ROB: “I’ve been cycling to work at the U for the past 20 years and wrote the first Bicycle Master Plan in 1992 when I was assigned to the transportation committee as a faculty member. I’ve been jokingly called the Godfather of Biking at the U.”

CHRIS: “I biked to campus while earning my Ph.D., left for 10 years, biked all that time and now I’m here working with Rob in the bioengineering department and as faculty in the SCI Institute, so roughly 20 years as well.”

ROB: “On a clear day, I love seeing the racks on campus full of bikes. It’s an effort to ride your bike up this hill especially in the winter. It is easier in mild winters like this, but it still presents a challenge. The high level of bike use, even in winter, is the best evidence for the changing perceptions and behaviors of cyclists.”

CHRIS: “I bring my kids with me when I bike. Years ago, I bought a Bakfiets, a popular bike made in the Netherlands with a box in the front that children can sit in. They are definitely made for flatlands, not the hills here in Utah. All totaled: The bike, three kids, all of our bags and gear and me hauling it all, it’s easily 500 pounds rolling along.”

ROB: “Chris and I both have early morning conference calls and we’ve found that we can get those done during the morning bike commute. We’re able to pop in a Bluetooth earpiece and get a meeting out of the way on the way to work.”

CHRIS: “It’s a little harder for me with three kids. They’re always talking and making noise that’s difficult to cover-up on a conference call with someone across the country. It presents a good challenge though.

ROB: “Today it’s so, so, easy to ride a bike wherever you go. The other day I took my wife’s car into the shop and instead of utilizing their courtesy car, I got my folding bike out of the trunk and blew the guys minds as I unfolded it and took off. The technology and safety are available and they are so easy to take advantage of.

CHRIS: “People don’t realize that biking is by far the fastest and easiest way to get around on campus. I can get from Warnock Engineering to a meeting in Research Park, door to door, in eight minutes flat. You can’t get from your building to your car in under four, and then you have to deal with traffic and parking when you get to where you’re going.”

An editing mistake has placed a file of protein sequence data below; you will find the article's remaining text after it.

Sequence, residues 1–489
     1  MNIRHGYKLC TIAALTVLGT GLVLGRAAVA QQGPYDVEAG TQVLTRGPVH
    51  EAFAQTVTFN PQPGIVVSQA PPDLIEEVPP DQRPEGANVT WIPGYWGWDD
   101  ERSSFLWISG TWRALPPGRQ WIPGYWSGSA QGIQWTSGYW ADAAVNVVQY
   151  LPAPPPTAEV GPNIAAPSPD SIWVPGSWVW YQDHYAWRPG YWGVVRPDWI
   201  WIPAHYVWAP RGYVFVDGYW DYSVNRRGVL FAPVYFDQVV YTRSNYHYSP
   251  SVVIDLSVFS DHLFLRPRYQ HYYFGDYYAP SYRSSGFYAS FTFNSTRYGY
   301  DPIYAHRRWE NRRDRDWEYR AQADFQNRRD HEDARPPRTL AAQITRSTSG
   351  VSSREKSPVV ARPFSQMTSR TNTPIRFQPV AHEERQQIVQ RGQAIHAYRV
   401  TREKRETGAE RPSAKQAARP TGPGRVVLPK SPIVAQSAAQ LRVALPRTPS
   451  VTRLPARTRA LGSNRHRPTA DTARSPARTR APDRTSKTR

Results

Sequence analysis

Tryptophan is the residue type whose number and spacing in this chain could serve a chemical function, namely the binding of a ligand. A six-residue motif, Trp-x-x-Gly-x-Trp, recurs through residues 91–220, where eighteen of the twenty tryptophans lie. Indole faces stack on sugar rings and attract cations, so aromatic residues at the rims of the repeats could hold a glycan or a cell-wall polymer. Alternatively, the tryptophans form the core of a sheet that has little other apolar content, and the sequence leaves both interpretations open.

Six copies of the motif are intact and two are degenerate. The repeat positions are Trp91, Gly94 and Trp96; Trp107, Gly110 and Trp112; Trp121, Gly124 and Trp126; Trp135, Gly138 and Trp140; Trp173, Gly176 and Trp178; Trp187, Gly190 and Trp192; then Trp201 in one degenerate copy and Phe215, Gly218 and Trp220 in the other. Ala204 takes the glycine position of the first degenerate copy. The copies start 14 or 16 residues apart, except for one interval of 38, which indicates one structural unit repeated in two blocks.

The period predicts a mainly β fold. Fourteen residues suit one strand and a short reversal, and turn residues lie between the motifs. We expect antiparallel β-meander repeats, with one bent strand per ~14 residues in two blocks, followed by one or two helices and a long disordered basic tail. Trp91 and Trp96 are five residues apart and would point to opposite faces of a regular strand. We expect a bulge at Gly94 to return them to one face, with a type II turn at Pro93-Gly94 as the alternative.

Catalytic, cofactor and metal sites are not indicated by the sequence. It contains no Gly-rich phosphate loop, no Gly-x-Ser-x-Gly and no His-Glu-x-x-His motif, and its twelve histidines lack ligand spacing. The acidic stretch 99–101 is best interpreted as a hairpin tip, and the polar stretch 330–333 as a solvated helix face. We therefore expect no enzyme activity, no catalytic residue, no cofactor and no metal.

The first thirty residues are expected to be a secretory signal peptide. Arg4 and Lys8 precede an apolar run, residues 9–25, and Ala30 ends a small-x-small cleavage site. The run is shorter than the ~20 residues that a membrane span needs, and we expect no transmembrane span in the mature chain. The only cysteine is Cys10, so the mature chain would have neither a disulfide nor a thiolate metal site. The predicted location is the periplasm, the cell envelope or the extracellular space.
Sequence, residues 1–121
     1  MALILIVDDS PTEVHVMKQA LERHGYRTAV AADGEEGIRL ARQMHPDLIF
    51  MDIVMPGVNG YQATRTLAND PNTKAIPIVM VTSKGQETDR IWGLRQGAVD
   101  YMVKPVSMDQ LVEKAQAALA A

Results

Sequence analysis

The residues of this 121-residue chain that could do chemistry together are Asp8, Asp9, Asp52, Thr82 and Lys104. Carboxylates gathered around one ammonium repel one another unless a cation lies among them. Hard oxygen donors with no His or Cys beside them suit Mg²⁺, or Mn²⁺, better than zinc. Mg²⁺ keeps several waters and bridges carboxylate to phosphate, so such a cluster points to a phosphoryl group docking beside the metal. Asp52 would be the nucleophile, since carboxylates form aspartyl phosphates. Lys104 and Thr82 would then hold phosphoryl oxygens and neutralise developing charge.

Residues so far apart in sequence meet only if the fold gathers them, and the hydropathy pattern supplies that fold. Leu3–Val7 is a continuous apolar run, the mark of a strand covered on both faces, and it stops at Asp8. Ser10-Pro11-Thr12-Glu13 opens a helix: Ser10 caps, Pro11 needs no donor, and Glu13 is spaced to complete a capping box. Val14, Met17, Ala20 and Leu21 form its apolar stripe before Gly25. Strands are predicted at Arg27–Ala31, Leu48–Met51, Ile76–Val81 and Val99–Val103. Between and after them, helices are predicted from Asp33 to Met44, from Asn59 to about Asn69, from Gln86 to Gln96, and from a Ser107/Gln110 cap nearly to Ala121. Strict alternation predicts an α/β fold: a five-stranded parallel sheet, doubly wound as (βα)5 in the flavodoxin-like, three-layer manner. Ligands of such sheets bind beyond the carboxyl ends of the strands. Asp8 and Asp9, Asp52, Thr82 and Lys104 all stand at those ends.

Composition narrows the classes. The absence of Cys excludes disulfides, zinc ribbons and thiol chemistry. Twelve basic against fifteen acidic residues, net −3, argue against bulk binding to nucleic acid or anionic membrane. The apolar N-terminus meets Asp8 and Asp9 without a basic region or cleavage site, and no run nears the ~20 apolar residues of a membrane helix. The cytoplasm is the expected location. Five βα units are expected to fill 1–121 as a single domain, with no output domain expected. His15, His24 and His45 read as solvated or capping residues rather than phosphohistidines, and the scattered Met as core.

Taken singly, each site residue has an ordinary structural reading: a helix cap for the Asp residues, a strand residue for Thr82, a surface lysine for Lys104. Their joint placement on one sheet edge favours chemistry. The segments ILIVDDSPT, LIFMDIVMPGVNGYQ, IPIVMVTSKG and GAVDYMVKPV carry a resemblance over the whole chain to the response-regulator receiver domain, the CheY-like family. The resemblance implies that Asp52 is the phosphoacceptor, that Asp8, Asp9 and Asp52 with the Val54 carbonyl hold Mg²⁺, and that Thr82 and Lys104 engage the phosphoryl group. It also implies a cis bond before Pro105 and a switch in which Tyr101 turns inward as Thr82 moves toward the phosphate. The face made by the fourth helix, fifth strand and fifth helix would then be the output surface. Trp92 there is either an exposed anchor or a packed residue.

ROB: “E-bikes are the future for many potential cyclists. I rent e-bikes for my wife when we travel and she can blow right past me going up this hill.  Nothing gives her greater pleasure than passing me!”

CHRIS: “The U recently created a full-time Active Transportation Manager position and hired Ginger Cannon. Both Rob and I are constantly filling her inbox with pictures of areas on campus that need to be addressed. Like sidewalk corners with no cut-out access for bikes to get on and off, and places where we need more shared access between cars and bikes. Ginger is working with entities from across campus to make sure all modes of sustainable transportation are considered as part of the planning process.”

ROB: “And that’s exactly what is needed. An architect may balk at placing a bike rack in their plans and renderings and even a planning engineer may not remember until it becomes an afterthought. The outcome then is always a mess. We all need to advocate for sustainable transportation during the beginning phases of a university project and find creative solutions to unique problems. Everyone may think that we have insurmountable problems, and hills, here at the U, but we don’t. We just have to open our eyes to the solutions.”

— Professors Rob MacLeod and Christopher Butson

We’ll be featuring Humans of the U and sharing their stories throughout the year with the university community. If you know someone with a compelling story, let us know at